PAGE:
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Are you making any of these common estate planning mistakes?

| Jan 31, 2018 | Estate Planning

When it comes to estate planning, the last thing you want to do is make a mistake. If this happens, it could have a negative impact on your family in the future.

Fortunately, even if you have made an estate planning mistake in the past, it doesn’t necessarily mean you can’t make things better in the future. It may take some time and money to make everything right, but it’s something you’ll want to do.

Common mistakes people make when thinking about estate planning include:

  • Assuming only the wealthy need estate plans. There are many reasons for establishing an estate plan. Passing along value assets to heirs and other beneficiaries is only one.
  • Waiting too long to create your estate plan. Many people put this off, assuming they will get around to it in the future. You don’t want to go down this path, as it could lead to a situation in which you wait a bit too long. Once you realize it’s time to create an estate plan, you should take immediate action.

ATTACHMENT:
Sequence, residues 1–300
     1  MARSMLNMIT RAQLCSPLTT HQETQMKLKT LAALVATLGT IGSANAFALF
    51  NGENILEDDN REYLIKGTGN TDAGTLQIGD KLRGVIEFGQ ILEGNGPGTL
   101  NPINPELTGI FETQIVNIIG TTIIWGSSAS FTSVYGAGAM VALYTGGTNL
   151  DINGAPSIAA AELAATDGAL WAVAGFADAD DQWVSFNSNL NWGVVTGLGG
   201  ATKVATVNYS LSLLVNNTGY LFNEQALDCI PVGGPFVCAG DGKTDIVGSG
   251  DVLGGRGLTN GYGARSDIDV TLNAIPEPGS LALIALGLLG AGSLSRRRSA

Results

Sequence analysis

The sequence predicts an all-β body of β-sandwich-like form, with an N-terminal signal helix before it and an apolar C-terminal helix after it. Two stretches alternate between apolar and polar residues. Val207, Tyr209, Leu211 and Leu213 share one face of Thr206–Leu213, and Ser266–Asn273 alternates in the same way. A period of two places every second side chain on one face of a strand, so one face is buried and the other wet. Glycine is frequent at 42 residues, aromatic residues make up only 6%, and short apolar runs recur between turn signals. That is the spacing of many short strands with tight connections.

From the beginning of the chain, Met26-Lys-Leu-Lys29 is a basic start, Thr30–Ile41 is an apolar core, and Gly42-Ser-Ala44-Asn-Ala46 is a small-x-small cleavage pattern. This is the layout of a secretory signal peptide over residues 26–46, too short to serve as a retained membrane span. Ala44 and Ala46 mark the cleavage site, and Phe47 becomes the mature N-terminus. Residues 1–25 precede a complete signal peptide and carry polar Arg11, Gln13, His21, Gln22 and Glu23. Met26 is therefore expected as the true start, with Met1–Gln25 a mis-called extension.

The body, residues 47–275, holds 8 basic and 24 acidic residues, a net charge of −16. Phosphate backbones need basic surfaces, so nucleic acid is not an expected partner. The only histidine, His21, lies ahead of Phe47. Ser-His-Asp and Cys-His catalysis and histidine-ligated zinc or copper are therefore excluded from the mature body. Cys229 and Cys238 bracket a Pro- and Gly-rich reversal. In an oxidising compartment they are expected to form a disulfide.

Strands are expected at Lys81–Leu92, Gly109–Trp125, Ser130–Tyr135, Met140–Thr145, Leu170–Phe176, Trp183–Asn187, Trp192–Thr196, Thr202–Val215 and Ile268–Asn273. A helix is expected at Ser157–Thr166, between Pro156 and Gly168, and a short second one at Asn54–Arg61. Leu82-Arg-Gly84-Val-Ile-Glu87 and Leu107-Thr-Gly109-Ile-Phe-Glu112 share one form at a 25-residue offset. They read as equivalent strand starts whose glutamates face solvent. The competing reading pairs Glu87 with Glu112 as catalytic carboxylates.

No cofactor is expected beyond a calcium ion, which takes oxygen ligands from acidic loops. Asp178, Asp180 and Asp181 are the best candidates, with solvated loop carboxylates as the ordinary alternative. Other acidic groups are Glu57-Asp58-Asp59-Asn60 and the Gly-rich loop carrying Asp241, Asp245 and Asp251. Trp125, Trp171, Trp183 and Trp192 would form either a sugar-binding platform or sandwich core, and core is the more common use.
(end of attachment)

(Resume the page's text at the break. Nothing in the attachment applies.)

• Forgetting to update your estate plan as the years go by. For instance, the will you create today may not work for you in the future. You need to review your estate plan annually, paying close attention to any changes you can make for the better.
  • Neglecting to plan for a disability. There is more to an estate plan than thinking about what will happen to your assets upon your death. You also need to focus on what will happen if you face a disability or incapacity in the future.
  • Choosing the wrong executor of your estate. This is a big decision, so you don’t want to choose just anyone. You need to carefully consider all your options.
  • Forgetting to choose a guardian for your minor children. In short, you need to know that your children will be protected in the event that you and your spouse pass away while they are still young.

These are not the only estate planning mistakes to avoid, but they are among the most common. Take steps now to help ensure the financial well-being of your future and the future of your family.

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